Raising the Floor News
A new report from Google finds that people are using more than one device for information and communication functions. Sometimes we shift between devices, such as searching for a product on a smartphone while waiting for a bus, but buying it when we get home. Sometimes we're using 2 devices at once, such as watching TV and following a Twitter feed on the show. The report goes into fine detail on which devices are used to start a functin and how, exactly, we move from one to the other.
Bubbly is a new social media tool that lets users record and forward voice messages to their 'followers' -- it's like Twitter, but by voice instead of text (although you can share text messages with Bubbly as well). Since there's no reading or text entry involved, and no computer or smartphone is required, it may be a way for many new people to social network.
OwnFone is a new mobile phone with some interesting features. There's no keypad. You register from 2 to 12 people with the company, and they send you a phone whose control surface is pre-printed with those names; just press to dial. You've got a few color and style choices as well; the phones are simple, small, light, and flat. Your number is printed on the back. They plan to add decals for photos and braille. OwnFone is available only in the UK for now.
The Engineering Design Centre at Cambridge University has recently reported the results of its pilot of a large-scale population survey aimed at collecting information that will help designers understand the needs of users with disabilities. From the abstract:
The Canadian Radio-television and Telecommunications Commission (CRTC) recently formed a fund to support projects in accessible broadcasting. These projects will supplement what CRTC already requires in terms of captioning and description, and may include innovations in mobile and online media accessibility. BAF's Board will be composed of accessibility stakeholders representing different disability categories, and industry-based and independent experts. Initial project proposals will be received later this year.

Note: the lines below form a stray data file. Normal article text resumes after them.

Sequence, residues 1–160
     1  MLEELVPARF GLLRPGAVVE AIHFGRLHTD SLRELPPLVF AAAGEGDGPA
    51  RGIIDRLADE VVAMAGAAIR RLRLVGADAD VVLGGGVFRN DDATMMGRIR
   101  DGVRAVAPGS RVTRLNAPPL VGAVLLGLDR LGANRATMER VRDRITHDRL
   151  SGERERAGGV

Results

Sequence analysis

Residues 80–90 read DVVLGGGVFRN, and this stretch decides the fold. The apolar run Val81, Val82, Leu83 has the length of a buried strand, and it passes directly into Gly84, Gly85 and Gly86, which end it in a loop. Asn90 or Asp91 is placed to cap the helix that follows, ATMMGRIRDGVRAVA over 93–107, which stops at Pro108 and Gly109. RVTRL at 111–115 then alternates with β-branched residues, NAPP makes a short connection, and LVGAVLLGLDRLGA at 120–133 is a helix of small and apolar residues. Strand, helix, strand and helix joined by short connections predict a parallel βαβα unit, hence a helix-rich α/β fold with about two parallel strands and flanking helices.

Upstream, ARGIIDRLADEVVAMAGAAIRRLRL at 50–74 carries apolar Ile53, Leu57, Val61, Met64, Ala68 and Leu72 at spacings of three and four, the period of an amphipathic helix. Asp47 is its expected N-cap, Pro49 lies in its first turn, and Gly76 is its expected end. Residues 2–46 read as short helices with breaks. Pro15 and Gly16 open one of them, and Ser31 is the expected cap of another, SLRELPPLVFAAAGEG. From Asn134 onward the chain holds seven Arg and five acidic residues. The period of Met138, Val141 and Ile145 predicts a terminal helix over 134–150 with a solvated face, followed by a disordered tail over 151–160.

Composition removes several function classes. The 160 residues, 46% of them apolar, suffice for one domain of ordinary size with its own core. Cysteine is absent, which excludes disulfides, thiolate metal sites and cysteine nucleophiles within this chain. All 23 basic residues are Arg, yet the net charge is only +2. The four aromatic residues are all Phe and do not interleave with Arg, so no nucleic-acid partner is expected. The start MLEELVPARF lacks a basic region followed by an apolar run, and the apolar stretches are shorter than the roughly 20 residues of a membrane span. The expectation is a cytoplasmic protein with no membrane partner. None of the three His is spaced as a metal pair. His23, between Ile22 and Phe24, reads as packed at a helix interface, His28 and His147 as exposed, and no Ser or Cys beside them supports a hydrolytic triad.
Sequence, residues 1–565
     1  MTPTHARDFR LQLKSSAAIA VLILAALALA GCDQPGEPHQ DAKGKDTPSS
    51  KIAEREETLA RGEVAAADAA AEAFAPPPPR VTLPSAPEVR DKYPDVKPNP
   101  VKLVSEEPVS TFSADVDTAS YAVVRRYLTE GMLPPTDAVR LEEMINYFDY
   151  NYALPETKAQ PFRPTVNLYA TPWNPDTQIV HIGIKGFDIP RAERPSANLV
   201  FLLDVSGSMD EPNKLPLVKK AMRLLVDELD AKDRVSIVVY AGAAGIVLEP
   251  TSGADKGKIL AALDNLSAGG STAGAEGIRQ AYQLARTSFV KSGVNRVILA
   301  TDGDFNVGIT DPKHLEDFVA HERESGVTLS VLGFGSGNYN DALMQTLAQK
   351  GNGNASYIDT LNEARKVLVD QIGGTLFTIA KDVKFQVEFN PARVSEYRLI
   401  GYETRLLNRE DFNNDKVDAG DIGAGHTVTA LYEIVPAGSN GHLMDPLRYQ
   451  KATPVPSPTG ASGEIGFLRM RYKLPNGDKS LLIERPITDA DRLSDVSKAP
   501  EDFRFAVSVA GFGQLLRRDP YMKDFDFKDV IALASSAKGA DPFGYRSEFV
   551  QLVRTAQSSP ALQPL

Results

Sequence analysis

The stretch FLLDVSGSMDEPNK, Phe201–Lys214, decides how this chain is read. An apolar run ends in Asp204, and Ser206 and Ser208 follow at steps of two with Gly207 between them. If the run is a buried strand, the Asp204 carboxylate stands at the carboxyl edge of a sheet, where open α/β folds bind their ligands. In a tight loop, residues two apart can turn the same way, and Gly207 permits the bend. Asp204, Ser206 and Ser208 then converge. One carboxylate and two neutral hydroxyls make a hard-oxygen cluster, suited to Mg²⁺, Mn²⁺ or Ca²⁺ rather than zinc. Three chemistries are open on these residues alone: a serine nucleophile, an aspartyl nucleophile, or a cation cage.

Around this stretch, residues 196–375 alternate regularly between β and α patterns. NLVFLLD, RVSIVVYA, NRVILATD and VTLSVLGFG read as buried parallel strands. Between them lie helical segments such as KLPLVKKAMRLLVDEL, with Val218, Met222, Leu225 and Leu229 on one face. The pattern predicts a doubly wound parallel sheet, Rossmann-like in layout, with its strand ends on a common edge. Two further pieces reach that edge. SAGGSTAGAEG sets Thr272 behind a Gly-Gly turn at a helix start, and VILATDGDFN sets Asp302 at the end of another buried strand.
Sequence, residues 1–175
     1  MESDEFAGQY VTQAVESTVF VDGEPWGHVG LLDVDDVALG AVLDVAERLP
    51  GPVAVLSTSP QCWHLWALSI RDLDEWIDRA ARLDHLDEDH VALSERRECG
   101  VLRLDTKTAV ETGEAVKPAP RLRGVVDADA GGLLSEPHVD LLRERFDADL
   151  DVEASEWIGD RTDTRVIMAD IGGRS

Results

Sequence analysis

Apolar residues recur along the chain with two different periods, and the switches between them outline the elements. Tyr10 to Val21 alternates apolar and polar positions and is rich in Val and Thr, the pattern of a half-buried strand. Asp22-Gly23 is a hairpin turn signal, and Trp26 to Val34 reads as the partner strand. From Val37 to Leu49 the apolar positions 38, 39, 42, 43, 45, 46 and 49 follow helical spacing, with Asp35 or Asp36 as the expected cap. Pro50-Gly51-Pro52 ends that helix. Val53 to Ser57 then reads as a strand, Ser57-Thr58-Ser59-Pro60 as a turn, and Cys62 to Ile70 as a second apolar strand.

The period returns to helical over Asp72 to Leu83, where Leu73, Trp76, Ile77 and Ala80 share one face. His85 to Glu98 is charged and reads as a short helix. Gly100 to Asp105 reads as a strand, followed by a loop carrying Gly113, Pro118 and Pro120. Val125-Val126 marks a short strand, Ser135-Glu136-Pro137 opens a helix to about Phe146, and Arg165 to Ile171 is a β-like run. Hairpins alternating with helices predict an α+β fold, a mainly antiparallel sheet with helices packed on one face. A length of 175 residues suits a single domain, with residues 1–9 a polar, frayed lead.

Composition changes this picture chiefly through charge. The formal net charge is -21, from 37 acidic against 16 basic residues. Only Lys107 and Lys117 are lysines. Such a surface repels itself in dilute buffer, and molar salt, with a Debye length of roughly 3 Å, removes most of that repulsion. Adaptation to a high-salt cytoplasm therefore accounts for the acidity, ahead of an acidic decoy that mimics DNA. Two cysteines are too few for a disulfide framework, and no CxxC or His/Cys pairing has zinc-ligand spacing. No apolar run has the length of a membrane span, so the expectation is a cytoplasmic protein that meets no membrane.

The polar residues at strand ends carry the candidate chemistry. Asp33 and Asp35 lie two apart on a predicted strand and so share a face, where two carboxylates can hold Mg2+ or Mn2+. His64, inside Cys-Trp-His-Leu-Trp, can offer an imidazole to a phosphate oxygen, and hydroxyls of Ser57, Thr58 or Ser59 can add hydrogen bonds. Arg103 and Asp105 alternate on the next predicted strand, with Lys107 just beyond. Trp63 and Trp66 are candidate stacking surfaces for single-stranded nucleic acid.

Raising the Floor has another reason to be proud of our connection with Amara, the crowd-sourcing captioning solution: Netflix just announced an experiment with Amara to provide team-based captions for some popular classic cartoons and TV. Amara lets anyone set up teams to tackle videos that need translation or captions; each volunteer works as much as he/she wants, and there's a way to assure quality and accuracy.
Raising the Floor and the Collaborative for Communication Access via Captioning (CCAC) will be holding an innovative text-only focus group on captioning. Using Adobe Connect, participants will join 4 text chat conversations on a single screen, on 4 separate captioning topics. The goal is to learn how users want captioning to work in the future, so RtF can develop its Global Public Inclusive Infrastructure (GPII) to reflect those needs and preferences.
September 6-7, 2012 will mark the US Federal Communication Commission's second accessibility hackathon, with developers from the DC area meeting up with online participants to build accessibility apps and websites in real time. Focused on training, collaboration, and professional networking, the event welcomes the participation of anyone interested in accessible technology, at any level of technical expertise. Raising the Floor will be there, showing off our own development progress and looking for partners.
Google+ Hangout is a collaboration service that lets as many as 10 participants see and hear each other, sharing screens or documents. Google recently added a captioning capability, allowing users to see instantaneous text versions of what is being said. Real-time transcriptioning can be provided by StreamText, a Google partner in the new service, or by the users themselves, with one text window per Hangout.
In a startling decision, the Massachusetts Federal District Court ruled that Netflix may be required to caption its streaming movies under the Americans with Disabilities Act.